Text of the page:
In an update on the pizza truck let me say that the Pesto, Spinach and Provolone creation was a much better experience. The Lovey’s BBQ Poutine was a letdown though as it’s considerably smaller than the restaurant version and much stingier on the meat/sauce.
Roller Derby Saved my Soul (Venue 8, Rachel Browne Theatre)
First off, what happened to this theatre? Did they redo the seating? While the seats are fantastic the legroom is simply ridiculous. If it had been a full house my knees would have been pressed against the seat in front of me all show (and my legs are probably around average length for a guy.) Anyway…
I adored this show. Amy is an introverted young woman who spends her days at an uninspiring job and her nights revisiting her pop culture heroes and wishing her life had some of that meaning (as I fervently pretend to have no insight on that experience.) When she receives a chance introduction to Roller Derby, it’s the beginning of a journey that unleashes the ass-kicking ‘warrior princess’ within her. Writer/Performer Nancy Kenny was fantastic in the role of Amy. I particularly loved the occasionally cheeky/blushing grin that she’d let escape from shy Amy to convey those unguarded moments we all occasionally have.
Seriously, go see this show.
Who Killed Gertrude Crump? (Venue 4, Alloway Hall)
For some reason I feel like Monster Theatre has been around as long as I’ve been going to the Fringe. Taking a quick look at their history I can see many of my favourite comic plays over the past 10-15 years. The Canada Show, Jesus Christ the Lost Years, Napoleon’s Secret Diary etc… More recently there was Assassinating Thomson and Til Death: The Six Wives of Henry VIII and the latter was the first time I saw a showpiece for Tara Travis.
This time Tara Travis is serving as puppeteer/narrator/winker for a puppet based murder mystery in the Agatha Christie vein. The puppets themselves are adorable and the stage/scenery are designed in a way that a few waves of her hand and a comment from Travis are all it takes for a scene change. This is usually one of my biggest problems with Puppet Theatre for Adults as many productions overdesign their staging to the point where there are fully 30+ second interludes that completely destroy the pacing of the show. Kudos to the team for keeping the action moving smartly. The dialogue moves at a sprightly pace as well with Travis showing the same flair for quickly swapping between characters/accents that she showed in Til Death. It was a lot of fun. My only complaint would be that Alloway Hall is a particularly poor venue for them as it’s very much in the vein of ‘Make the stage and the seating as wide as we can to use up the room’ fringe venues that kind of destroy the ambience of smaller more focused acts. Nothing the performers can do about that of course with a lottery spot.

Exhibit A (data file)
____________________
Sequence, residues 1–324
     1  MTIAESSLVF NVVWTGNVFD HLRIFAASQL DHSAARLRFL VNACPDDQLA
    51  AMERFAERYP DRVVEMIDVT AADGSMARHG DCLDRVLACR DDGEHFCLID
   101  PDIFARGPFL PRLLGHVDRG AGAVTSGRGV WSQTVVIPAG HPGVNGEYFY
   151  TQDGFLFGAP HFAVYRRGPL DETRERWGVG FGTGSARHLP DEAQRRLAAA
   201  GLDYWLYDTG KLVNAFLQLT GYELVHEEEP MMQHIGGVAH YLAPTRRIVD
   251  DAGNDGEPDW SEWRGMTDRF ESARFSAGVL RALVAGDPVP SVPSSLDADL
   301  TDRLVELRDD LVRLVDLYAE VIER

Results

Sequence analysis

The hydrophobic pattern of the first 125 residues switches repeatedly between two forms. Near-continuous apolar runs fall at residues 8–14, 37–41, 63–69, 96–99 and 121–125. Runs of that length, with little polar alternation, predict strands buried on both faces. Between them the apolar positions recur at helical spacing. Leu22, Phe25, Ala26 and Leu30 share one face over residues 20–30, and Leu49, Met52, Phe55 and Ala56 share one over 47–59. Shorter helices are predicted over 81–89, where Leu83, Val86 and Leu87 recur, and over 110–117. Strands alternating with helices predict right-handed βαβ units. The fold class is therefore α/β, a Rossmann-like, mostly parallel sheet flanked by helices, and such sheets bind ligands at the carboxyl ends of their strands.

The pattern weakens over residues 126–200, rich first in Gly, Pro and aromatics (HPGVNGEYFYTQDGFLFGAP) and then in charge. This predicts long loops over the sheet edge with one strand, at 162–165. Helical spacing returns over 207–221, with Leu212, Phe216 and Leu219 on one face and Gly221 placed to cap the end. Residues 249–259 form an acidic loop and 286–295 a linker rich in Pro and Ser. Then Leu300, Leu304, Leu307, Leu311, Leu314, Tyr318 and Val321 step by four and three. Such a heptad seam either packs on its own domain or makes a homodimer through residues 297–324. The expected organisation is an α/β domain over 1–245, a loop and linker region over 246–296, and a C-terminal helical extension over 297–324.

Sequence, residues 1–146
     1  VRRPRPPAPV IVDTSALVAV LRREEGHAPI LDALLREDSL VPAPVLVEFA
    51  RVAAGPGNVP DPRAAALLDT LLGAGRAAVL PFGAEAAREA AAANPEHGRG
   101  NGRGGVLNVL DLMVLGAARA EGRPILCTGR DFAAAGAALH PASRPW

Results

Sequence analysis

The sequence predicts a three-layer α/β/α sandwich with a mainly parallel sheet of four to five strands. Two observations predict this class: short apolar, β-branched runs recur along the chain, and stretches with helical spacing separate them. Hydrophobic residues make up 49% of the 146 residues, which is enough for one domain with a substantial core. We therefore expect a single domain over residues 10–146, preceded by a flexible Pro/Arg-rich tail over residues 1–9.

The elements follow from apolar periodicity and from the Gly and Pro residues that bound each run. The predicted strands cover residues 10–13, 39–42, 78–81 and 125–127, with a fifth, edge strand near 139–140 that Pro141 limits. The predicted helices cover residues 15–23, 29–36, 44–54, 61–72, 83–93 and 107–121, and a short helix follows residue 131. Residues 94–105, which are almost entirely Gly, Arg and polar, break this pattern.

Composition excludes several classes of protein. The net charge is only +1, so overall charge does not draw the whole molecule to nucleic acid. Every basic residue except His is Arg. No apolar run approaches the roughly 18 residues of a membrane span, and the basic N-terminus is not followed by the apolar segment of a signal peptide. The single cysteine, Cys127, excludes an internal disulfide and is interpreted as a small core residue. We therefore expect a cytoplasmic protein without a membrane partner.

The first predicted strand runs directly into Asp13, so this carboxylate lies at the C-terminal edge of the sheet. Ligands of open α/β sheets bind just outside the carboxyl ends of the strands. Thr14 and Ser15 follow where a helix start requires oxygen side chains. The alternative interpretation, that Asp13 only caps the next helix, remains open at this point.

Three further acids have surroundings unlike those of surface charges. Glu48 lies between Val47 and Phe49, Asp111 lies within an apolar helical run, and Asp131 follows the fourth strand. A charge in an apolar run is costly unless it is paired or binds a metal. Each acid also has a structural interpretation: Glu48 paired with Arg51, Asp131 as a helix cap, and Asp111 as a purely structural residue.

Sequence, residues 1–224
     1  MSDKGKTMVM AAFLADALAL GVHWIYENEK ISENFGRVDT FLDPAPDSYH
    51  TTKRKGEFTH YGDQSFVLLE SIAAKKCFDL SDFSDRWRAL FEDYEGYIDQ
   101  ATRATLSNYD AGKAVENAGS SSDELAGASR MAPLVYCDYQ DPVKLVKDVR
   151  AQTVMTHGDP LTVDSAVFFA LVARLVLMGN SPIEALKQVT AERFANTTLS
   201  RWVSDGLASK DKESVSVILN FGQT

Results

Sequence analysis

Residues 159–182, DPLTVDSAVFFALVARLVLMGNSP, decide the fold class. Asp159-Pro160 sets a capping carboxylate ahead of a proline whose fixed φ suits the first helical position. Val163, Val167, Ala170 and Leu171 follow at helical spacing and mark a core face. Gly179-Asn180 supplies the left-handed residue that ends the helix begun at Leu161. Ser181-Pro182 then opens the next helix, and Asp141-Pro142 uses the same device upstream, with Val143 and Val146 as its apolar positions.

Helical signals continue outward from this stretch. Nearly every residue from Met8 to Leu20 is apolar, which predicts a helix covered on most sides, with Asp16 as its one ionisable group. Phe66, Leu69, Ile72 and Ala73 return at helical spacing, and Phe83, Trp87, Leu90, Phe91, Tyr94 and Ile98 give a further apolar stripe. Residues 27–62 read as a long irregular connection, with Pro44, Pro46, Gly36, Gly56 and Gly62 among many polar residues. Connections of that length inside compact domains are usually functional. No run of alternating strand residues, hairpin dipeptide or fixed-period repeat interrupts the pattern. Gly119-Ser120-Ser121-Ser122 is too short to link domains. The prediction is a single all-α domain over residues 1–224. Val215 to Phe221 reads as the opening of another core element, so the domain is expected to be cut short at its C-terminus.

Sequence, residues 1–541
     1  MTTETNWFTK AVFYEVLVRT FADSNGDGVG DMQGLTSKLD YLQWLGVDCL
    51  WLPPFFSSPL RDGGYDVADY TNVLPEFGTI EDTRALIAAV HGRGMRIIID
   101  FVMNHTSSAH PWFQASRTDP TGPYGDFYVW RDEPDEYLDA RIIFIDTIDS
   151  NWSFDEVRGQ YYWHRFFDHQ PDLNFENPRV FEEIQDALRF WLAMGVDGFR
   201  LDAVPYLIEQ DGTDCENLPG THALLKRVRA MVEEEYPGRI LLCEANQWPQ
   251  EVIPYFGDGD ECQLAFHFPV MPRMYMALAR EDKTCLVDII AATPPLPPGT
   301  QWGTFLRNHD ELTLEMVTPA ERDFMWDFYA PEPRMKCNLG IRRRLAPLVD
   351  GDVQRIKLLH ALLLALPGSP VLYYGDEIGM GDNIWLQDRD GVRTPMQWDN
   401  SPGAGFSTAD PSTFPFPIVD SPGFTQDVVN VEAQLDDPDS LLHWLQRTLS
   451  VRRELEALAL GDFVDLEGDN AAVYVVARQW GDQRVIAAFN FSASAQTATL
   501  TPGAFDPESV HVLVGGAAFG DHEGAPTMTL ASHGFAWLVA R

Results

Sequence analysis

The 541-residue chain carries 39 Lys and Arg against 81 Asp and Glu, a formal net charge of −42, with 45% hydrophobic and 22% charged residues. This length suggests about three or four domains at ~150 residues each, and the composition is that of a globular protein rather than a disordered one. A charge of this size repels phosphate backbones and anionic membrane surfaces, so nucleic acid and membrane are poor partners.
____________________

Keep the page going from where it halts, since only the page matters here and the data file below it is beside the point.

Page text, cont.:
Rumble Pak Improv (Venue 7, Cinematheque)
Not a lot to say about this one. Some funny/inspired moments, a fair bit of pointed silences for thinking though. Perhaps the performers were just dragging a bit at this point in the festival. Perfectly fine, but certainly not at the level of Outside Joke, Hip Bang or some of your other long form choices.
Overheard in line (day 9): “You’re a wonderful man sir” –Fraz (after I responded to his flyer saying I’d been there last week)
Highlight of the Day/Recommendations:
Roller Derby Saves my Soul was the standout for me, and it won Patron’s pick so you have an extra chance to see it. Do it!
Leaflets/handbills rec’d: 82 (Mostly getting offered repeats at this point)
The Untitled Sam Mullins project at Lunch followed by… err… I’m honestly not really sure why afterwards. Friday’s right after work schedule seems a bit devoid of things I really wanted to see.